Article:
Never explain, never complain: The power of Her Majesty’s silence

This article was published by The Spectator on 3rd June 2022

The Queen’s Christmas message in 2002 was unusual. She explained, briefly, her approach to her role. One could even say that she ‘opened up’:

‘Each day is a new beginning, I know that the only way to live my life is to try to do what is right, to take the long view, to give of my best in all that the day brings, and to put my trust in God.’

Her Majesty has spoken countless times subsequently. Her collective speeches have included many hundreds of thousands of words. In which, paradoxically, she has said very little. If asked to quote our monarch of seventy years, many of us would immediately jump in with two words: ‘Annus Horribilis’. And then struggle horribly.

Grief is the price we pay for love

I asked a colleague renowned for his encyclopaedic knowledge of speeches. He remembered ‘Grief is the price we pay for love’, her beautiful, stoical observation on the passing of Prince Philip. He also recollected her promise made on her 21st birthday in 1947: ‘I declare before you all that my whole life, whether it be long or short, shall be devoted to your service and the service of our great imperial family to which we all belong.’

It would be safe to say that amongst the tea towels, key rings and tea-sets on sale in this Platinum Jubilee year, we are unlikely to find a book entitled ‘The Queen’s 21 most inspiring speeches’. Or even her 21 most memorable quotations.

Seen but not heard

This is, of course, not something that has happened by chance. Our monarch made an early and eminently sensible decision to lead by example. To retain the mystique of the monarchy; to be seen but not heard; to never explain, never complain. In the early stages of the broadcasting age, this showed considerable vision. In the context of social media it has become essential.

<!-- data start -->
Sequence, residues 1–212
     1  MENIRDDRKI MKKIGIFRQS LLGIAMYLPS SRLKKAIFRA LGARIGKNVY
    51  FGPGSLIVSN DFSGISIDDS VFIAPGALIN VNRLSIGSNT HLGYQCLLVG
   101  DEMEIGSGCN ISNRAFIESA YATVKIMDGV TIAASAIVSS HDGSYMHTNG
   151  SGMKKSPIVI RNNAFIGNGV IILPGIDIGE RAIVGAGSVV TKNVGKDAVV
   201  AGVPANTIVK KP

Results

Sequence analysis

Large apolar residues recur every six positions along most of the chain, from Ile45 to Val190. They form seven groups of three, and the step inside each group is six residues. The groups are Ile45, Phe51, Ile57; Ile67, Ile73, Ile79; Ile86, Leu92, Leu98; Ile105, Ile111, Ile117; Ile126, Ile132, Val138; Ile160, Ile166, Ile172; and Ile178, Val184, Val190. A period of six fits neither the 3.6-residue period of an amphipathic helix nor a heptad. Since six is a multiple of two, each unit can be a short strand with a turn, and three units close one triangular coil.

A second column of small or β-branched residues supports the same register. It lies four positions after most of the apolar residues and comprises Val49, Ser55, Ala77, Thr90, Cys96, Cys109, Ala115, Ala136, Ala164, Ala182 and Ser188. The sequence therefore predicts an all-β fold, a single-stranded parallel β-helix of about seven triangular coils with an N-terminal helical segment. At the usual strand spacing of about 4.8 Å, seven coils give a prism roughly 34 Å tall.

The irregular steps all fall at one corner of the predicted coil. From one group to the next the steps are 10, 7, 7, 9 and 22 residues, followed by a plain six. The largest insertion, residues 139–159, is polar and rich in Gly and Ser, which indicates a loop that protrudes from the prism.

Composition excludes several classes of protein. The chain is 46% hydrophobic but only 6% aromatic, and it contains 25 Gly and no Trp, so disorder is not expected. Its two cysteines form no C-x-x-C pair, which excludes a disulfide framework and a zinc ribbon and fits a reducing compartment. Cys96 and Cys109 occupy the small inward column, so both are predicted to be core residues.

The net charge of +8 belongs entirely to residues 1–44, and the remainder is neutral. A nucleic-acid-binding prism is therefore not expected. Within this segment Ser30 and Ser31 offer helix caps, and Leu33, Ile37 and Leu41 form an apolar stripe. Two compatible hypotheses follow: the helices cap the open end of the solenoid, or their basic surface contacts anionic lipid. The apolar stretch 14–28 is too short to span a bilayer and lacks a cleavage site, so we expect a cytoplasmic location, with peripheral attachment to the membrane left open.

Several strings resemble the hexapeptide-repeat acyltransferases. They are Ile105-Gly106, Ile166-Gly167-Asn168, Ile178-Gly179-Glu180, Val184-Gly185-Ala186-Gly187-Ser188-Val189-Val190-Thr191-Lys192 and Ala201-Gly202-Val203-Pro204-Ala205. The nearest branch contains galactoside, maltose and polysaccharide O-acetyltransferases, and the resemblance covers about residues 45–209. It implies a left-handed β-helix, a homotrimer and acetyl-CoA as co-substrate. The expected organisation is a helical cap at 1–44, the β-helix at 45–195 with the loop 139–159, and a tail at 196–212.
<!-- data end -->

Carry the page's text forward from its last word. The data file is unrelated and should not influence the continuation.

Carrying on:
Her willingness to endure the slings and arrows of outrageous fortune means the greatest celebrity of our age is also the most respected. She has not only understood that actions speak louder than words, ironically a maxim first articulated by that master orator Abraham Lincoln, but she adhered to it throughout.

Family faux pas

How unfortunate for her then that almost every crisis to embroil her monarchy under her watch has been fuelled by her family failing to heed her example. Her husband’s foot was, notoriously, never far from his mouth. Her eldest son and heir has been teased for his conversations with plants, ridiculed for his desire to be reincarnated as a tampon and lambasted for ‘whatever ‘in love’ means’, his timeless gift to best men the world over.

And then came Harry. Calling his Asian army colleague a ‘Paki’ was probably the nadir of his single days. Originally he stumbled into faux pas. Now he prepares them carefully. He has described the First Amendment as ‘bonkers’, his father’s parenting as not making sense and his life of neglect. He has announced that ‘I like to think we were able to speak truths’, even when these truths seem a little delusional. In April we discovered that he popped home to see a grandmother who tells him things ‘she hides from others’. He also wanted to ensure she was receiving the right protection’.

Harry rolls out words, and with them, yet another layer of the Royal family’s aura and dignity is peeled away. As he boasted of his special relationship with the Queen, she remained silent.

The power of brevity

We are subsumed by rhetoric. Never before have so many had the technological platform to address us in our own homes. As public speakers, it becomes increasingly difficult to be memorable for the right reasons. Speeches are stripped for soundbites. Gaffes go viral. Some, like President Zelensky, still manage to shine. Many more flounder. A rare few have taken the opposite route by understanding that the best way to make their point within this maelstrom of noise, is not to add to it.

When she does speak, the Queen’s points are made with the opposite of a flourish. They represent an attitude and an approach rather than any attempt at rhetorical flair. Which, in essence, is her greatness. An ability to treat the two imposters with unruffled calm.

In seventy years on the throne, she has only given four formal addresses to the nation. Each time, we listened. Ronan Keating of Boyzone sang ‘you say it best when you say nothing at all’. As a piece of communications advice for modern royalty, it is unmatched in its good sense. If any member of the family can vouch for that, it’s Harry’s Uncle Andrew.